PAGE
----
If I understand your first question correctly you want to know how an, as yet unimplemented, function is implemented ? Specifically, you want to know the performance characteristics of
findloc compared with linear and binary search as you might have implemented them yourself ? There is certainly nothing in the language standard which mandates how the function is to be implemented, so the answer to your question is entirely compiler specific.
As to your second question, I would expect most compilers to cause the creation of a temporary array in response to your expression
array-value. The creation of such a temporary is likely to be a relatively time-consuming operation and will be added to the execution time of the call to
minloc. How the Intel implementation of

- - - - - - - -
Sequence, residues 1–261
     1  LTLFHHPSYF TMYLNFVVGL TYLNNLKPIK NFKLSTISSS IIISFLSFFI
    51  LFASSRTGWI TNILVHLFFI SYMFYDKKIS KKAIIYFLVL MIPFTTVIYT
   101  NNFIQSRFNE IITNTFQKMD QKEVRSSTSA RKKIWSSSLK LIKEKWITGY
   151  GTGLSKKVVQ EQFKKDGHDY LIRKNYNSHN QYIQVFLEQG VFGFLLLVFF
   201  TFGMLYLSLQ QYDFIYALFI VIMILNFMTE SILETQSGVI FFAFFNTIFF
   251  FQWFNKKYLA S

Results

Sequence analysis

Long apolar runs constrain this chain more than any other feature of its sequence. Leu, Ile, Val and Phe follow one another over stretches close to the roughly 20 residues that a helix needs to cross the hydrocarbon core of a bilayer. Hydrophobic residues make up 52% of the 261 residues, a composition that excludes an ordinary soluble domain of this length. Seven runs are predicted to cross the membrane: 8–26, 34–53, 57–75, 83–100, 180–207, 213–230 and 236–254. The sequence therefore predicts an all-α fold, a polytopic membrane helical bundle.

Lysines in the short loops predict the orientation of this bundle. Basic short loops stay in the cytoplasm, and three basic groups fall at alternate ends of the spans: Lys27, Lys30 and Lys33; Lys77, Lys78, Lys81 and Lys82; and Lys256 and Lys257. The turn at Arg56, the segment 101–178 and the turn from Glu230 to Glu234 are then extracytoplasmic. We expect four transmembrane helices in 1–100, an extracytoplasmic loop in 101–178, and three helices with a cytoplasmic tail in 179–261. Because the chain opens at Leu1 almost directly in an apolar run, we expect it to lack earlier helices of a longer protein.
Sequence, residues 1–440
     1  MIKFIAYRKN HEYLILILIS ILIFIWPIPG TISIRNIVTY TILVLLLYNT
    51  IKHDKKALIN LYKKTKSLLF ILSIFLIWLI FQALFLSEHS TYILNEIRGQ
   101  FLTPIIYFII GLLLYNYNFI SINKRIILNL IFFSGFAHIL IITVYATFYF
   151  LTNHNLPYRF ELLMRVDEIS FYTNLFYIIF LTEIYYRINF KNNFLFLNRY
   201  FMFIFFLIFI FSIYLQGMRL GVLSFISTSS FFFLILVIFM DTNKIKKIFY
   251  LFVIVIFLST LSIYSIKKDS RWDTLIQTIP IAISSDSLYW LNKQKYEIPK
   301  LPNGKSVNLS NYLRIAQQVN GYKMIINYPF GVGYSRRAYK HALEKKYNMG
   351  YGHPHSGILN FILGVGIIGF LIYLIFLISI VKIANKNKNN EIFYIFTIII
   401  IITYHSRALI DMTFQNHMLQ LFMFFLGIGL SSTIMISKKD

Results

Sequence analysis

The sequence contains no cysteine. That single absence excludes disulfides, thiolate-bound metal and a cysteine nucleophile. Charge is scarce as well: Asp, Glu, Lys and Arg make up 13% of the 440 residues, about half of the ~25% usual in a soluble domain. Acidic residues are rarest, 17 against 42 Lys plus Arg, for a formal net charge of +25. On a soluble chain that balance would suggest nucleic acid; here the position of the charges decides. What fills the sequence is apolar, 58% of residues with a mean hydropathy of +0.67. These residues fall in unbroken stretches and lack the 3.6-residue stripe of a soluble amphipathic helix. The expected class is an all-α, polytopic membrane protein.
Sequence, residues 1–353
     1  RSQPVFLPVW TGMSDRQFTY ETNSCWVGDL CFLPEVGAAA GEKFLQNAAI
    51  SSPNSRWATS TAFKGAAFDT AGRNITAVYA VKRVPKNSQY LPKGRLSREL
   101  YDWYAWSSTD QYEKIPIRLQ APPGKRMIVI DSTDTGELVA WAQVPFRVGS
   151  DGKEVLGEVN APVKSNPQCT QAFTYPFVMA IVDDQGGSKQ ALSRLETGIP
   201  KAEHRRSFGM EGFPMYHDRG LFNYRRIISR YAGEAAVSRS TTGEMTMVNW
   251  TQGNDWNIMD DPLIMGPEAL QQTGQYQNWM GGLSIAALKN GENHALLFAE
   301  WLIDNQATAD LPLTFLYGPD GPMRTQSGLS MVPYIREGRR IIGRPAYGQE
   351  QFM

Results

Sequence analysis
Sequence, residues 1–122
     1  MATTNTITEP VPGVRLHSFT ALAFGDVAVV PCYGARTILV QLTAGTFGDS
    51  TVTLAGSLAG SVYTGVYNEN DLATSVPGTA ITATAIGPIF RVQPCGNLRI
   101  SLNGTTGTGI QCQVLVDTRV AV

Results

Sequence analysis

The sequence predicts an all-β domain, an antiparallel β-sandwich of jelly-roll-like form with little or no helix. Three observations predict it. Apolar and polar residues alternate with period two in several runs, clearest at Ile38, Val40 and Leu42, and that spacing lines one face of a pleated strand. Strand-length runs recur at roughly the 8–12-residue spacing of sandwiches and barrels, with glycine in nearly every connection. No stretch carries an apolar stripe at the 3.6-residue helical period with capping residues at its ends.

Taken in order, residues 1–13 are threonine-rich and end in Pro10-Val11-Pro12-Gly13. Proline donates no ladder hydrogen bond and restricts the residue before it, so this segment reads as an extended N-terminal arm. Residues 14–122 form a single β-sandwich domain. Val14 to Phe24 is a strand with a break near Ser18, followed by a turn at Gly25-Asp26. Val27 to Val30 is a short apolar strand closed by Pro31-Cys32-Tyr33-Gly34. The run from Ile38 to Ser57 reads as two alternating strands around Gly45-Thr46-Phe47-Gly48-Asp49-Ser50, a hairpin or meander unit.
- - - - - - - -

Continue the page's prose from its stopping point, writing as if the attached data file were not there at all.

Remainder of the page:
minloc works I don't know but I expect that it is a linear scan through the array. There's no way for the intrinsic function to know that an array is sorted and that binary search might be faster.
If your arrays are small and unsorted I would expect linear search to be the fastest option. If they are small and sorted you might be able to write a binary search (or similar) to outperform linear search. I expect the performance graphs of the two approaches to have a crossover, where that crossover sits wrt your idea of small size I haven't a clue.
However, as always with performance matters, what I (or anybody else) think is useless, data is what you need, why don't you go ahead and make some measurements ?